August 25, 2020
Mood disorders are any disorders that are characterized by a marked change in mood, either up or down that interferes with day-to-day functioning. The different types of depression fall under the mood disorder category, and so does bipolar mood disorder, disruptive mood disorder, and disorders that look similar to any of these, but are connected either to substance use or health conditions.
What Do Mood Disorders look Like?
“Depression in teens often manifests itself in agitation and irritability, which parents are not always aware of. A combination of cognitive therapy and medication (if needed) gives teens the skills to more effectively manage their feelings and be open to support from parents,” says Brent Esplin, the executive director at Potomac at Hobble Creek.
Mood disorders can look very different depending on the teen—your daughter’s individual personality and the type of mood disorder play a role in how the symptoms show themselves.
Below are several of the main mood disorders that teens struggle with. If you have questions, feel free to give us a call or consult a local mental health professional.
Persistent Depressive Mood Disorder (Dysthymia)
Persistent depressive disorder symptoms aren’t as severe as major depressive disorder, but it’s still serious. A teen with PDD or dysthymia will have issues with:
- Irritability (irritability is a more reliable symptom than sadness in teens)
- Fatigue or low energy
- Eating (either too much or too little)
- Sleeping (either too much or too little)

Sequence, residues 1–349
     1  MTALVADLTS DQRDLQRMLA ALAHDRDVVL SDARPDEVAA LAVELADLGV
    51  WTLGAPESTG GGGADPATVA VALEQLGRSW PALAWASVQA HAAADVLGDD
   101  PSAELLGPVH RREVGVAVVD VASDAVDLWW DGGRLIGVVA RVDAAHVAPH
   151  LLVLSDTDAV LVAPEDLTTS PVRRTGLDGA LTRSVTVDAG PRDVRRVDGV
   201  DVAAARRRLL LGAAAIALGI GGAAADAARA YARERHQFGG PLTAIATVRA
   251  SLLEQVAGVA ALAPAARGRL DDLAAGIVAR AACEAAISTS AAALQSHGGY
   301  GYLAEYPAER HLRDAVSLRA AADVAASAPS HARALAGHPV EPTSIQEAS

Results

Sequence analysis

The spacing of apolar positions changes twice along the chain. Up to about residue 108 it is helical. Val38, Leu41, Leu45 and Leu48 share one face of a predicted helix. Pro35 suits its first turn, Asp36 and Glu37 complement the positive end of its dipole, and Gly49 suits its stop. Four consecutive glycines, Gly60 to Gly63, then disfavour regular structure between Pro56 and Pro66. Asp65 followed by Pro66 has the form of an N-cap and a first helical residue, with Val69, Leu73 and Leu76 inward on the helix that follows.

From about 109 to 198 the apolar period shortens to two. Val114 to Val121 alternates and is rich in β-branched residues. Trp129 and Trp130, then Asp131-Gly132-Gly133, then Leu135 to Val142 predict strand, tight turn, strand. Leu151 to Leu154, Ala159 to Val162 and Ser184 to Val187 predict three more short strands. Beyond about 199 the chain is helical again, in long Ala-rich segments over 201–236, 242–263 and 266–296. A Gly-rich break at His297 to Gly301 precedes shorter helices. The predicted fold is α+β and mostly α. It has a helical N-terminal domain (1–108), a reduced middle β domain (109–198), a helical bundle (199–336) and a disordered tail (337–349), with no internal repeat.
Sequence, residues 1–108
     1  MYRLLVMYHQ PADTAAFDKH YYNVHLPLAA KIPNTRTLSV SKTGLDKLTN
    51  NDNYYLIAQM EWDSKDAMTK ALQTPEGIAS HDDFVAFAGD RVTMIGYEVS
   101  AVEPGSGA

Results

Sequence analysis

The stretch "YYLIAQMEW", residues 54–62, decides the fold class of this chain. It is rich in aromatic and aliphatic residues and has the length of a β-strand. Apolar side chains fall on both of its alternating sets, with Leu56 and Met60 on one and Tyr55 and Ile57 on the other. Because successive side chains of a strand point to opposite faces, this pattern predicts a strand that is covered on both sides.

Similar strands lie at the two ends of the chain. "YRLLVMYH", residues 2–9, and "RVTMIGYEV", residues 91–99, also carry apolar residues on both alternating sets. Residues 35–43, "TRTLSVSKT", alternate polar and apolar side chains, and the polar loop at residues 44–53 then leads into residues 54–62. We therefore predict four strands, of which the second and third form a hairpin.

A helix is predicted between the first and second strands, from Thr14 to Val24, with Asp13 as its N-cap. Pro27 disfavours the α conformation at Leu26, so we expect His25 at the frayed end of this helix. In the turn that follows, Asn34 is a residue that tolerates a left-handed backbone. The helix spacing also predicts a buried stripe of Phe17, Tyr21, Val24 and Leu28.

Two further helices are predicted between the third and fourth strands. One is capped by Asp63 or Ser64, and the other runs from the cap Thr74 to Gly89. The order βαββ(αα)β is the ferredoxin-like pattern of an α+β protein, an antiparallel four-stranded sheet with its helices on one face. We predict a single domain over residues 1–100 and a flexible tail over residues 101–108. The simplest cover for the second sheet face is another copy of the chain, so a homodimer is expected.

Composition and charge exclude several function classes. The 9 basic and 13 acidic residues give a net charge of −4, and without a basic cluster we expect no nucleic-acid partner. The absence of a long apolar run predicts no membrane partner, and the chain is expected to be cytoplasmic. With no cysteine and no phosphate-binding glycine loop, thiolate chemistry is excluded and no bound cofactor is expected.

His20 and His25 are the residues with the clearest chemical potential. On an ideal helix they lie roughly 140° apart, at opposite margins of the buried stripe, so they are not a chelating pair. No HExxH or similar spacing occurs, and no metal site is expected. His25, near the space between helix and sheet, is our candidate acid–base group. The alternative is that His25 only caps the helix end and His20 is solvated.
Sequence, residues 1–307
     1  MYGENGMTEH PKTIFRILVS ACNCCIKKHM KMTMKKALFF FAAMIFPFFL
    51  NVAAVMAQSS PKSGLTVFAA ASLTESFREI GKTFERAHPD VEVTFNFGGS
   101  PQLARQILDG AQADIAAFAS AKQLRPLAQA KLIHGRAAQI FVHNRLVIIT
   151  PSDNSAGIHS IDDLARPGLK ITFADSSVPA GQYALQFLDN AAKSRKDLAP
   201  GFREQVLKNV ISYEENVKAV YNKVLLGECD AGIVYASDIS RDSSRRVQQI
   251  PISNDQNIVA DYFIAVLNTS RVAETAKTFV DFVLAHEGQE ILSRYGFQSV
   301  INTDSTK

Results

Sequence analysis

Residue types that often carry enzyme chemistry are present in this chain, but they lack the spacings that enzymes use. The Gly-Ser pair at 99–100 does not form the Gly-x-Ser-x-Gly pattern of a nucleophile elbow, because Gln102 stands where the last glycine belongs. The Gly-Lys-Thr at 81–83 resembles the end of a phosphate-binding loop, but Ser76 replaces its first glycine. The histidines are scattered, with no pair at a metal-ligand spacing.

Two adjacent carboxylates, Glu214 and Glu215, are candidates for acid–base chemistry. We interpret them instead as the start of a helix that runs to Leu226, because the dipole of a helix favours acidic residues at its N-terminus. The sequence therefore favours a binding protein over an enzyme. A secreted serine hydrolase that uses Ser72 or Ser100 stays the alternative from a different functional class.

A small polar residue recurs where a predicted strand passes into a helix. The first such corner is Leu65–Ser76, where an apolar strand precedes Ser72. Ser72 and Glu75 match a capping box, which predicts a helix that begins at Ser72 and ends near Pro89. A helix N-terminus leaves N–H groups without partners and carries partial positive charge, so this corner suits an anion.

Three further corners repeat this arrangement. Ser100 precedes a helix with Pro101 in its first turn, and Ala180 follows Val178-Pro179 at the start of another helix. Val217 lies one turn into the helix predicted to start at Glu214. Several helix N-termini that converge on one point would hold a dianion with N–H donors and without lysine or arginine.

- Feelings of hopelessness
- Low self-esteem
PDD is long-lasting. It’s a low-grade depression that lasts over a year. If it seems like your daughter has been sullen, fatigued, and irritable for a long time, PDD could be a possibility. Some teens describe it as trying to slog through mud all the time. Everything seems like work — even thinking and feeling.
While it’s not as likely to carry the risk of suicide, Persistent Depressive Disorder is still serious and it can’t be distinguished from major depression without a professional diagnosis. This long-term depression interferes with learning, socialization, and overall functioning. It’s easy for a teen dealing with PDD to fall behind in school and to become isolated, leaving her more at risk for a decline into major depressive disorder or other mood disorders.
Disruptive Mood Disorder
Disruptive Mood Disorder is a new diagnosis in the DSM-5 — the manual that mental health professionals use to make diagnoses and decide what approach to take in treatment.
What sets Disruptive Mood Disorder apart from most other mood disorders is that the teen is persistently irritable and angry. Even without significantly provoking her, your teen has extreme temper outbursts — maybe even gets aggressive and violent. That puts you in a very difficult place.
Adjustment Mood Disorder
Adjustment disorder is a response to a life event. Was there a major event in your daughter’s life recently? Perhaps a divorce, a move, a death — or something else that’s notable?
Because people show their grief in different ways, adjustment disorder has several types:
- Adjustment disorder with depressed mood
- Adjustment disorder with anxiety
- Adjustment disorder with depressed mood and anxiety
- Adjustment disorder with disturbance of conduct
- Adjustment disorder with disturbance of emotion and conduct
- Adjustment disorder unspecified
Adjustment disorder doesn’t last for more than six months. Your teen is in the grieving process for whatever change or loss she’s experienced, but she’s gotten stuck and needs help and she’s showing it through mood and behavior troubles. During this time, adjustment disorder can interfere with sleep, social interaction (which can be a big deal if it accompanies a move), and school work — setting your daughter back.
If your daughter is struggling through a major change, it’s better to get help than to wait for it to just go away.
Bipolar Mood Disorder